Commit ed90b665 authored by Zachary T Welch's avatar Zachary T Welch
Browse files

update command handler documentation

Adds sections on command registration and chaining, giving an overview
to developers that want to use these features.
parent 9d4c89f3
......@@ -80,6 +80,42 @@ command handlers and helpers:
- @c CMD_ARGC - the number of command arguments
- @c CMD_ARGV - array of command argument strings
@section helpercmdregister Command Registration
In order to use a command handler, it must be registered with the
command subsystem. All commands are registered with command_registration
structures, specifying the name of the command, its handler, its allowed
mode(s) of execution, and strings that provide usage and help text.
A single handler may be registered using multiple names, but any name
may have only one handler associated with it.
The @c register_commands() and @c register_commands() functions provide
registration, while the @c unregister_command() and
@c unregister_all_commands() functions will remove existing commands.
These may be called at any time, allowing the command set to change in
response to system actions.
@subsection helpercmdjim Jim Command Registration
The command_registration structure provides support for registering
native Jim command handlers (@c jim_handler) too. For these handlers,
the module can provide help and usage support; however, this mechanism
allows Jim handlers to be called as sub-commands of other commands.
These commands may be registered with a private data value (@c
jim_handler_data) that will be available when called, as with low-level
Jim command registration.
A command may have a normal @c handler or a @c jim_handler, but not both.
@subsection helpercmdregisterchains Command Chaining
When using register_commands(), the array of commands may reference
other arrays. When the @c chain field is filled in a
command_registration record, the commands on in the chained list will
added in one of two places. If the record defines a new command, then
the chained commands are added under it; otherwise, the commands are
added in the same context as the other commands in the array.
@section helpercmdprimer Command Development Primer
This @ref primercommand provides details about the @c hello module,
......@@ -63,42 +63,71 @@ Before this new function can be used, it must be registered somehow.
For a new module, registering should be done in a new function for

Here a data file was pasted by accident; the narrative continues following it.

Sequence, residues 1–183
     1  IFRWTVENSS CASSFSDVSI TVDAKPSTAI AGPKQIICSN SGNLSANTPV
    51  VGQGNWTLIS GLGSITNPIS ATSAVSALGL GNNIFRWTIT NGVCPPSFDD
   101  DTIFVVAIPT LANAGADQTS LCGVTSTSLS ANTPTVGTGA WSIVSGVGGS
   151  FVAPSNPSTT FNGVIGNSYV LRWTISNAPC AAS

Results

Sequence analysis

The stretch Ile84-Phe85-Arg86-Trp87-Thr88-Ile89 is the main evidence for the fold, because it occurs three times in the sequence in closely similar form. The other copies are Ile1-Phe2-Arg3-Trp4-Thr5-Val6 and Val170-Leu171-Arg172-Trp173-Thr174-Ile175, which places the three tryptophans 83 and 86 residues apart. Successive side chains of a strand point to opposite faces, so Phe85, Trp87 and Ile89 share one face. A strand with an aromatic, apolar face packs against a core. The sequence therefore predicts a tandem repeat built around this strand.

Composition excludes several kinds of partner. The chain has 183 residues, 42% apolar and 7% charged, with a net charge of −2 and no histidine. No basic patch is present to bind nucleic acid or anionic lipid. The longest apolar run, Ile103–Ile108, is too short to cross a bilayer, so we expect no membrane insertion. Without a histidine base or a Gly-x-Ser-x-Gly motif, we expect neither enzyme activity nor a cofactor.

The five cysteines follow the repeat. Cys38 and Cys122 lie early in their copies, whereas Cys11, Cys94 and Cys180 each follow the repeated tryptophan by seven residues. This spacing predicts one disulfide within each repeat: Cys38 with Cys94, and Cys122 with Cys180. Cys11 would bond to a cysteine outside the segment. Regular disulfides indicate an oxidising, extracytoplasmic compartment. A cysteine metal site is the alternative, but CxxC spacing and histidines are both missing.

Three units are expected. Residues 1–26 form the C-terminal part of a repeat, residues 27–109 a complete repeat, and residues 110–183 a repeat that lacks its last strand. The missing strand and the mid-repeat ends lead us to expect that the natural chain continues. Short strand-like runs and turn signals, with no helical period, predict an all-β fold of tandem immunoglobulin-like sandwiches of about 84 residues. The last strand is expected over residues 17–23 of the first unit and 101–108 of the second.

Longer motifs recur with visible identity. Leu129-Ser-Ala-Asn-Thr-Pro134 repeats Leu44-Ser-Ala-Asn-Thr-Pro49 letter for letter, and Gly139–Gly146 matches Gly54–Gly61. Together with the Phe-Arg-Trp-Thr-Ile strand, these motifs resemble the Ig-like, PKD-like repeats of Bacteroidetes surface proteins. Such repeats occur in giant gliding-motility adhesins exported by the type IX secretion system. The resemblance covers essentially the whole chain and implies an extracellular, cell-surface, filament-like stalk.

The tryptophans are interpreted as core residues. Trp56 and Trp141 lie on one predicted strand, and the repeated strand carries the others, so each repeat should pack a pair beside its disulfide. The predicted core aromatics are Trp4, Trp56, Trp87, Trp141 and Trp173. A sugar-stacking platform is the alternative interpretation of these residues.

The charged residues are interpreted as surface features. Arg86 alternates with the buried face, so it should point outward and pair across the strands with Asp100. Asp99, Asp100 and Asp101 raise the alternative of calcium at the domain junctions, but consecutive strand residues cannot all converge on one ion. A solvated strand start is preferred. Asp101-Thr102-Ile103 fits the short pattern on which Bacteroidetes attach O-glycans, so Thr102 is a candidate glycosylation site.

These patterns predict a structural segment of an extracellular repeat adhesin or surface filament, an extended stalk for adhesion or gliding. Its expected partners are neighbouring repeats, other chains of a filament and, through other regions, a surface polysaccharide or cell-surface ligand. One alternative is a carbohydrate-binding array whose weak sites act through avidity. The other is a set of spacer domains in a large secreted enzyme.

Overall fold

the purpose, which must be called from @c openocd.c:
static const struct command_registration hello_command_handlers[] = {
.name = "hello",
.mode = COMMAND_ANY,
.handler = &handle_hello_command,
.help = "print a warm greetings",
.usage = "[<name>]",
.chain = foo_command_handlers,
int hello_register_commands(struct command_context_s *cmd_ctx)
struct command_s *cmd = register_command(cmd_ctx, NULL, "hello",
NULL, COMMAND_ANY, "print greetings");
return cmd ? ERROR_OK : -ENOMEM;
return register_commands(cmd_ctx, NULL, handle_command_handlers);
That's it! The command should now be registered and avaiable to scripts.
@section primercmdchain Command Chaining
This example also shows how to chain command handler registration, so
your modules can "inherit" commands provided by other (sub)modules.
Here, the hello module includes the foo commands in the same context
that the 'hello' command will be registered.
If the @c chain field had been put in the 'hello' command, then the
@c foo module commands would be registered under it. Indeed, that
technique is used to define the 'foo bar' and 'foo baz' commands,
as well as for the example drivers that use these modules.
The code for the 'foo' command handlers can be found in @c hello.c.
@section primercmdcode Trying These Example Commands
The commands may be enabled by editing src/openocd.c and uncommenting
the call to @c hello_register_commands and rebuilding the source tree.
These commands have been inherited by the dummy interface, faux flash,
and testee target drivers. The easiest way to test these is by using the
dummy interface.
Once OpenOCD has been built with this example code, the following script
demonstrate the abilities that the @c hello module provides:
Once OpenOCD has been built with this example code, the following command
demonstrates the abilities that the @c hello module provides:
hello World
hello {John Doe}
hello John Doe # error: too many arguments
openocd -c 'interface dummy' \
-c 'dummy hello' \
-c 'dummy hello World' \
-c 'dummy hello {John Doe}' \
-c 'dummy hello John Doe' # error: too many arguments
If saved in @c hello.cfg, then running <code>openocd -f hello.cfg</code>
should produce the following output before exiting:
should produce the following output before displaying the help text and
Greetings, World!
Greetings, John Doe!
Error: ocd_hello: too many arguments
Error: hello: too many arguments
Runtime error, file "openocd.cfg", line 14:
hello: too many arguments
dummy hello [<name>]
prints a warm welcome
This difference between the registered and displayed command name comes from
the fact that the TCL scripts are provided with a stub that calls the munged
name. This stub wraps the internal <code>ocd_</code>-prefixed routine,
providing a measure of high-level error handling.
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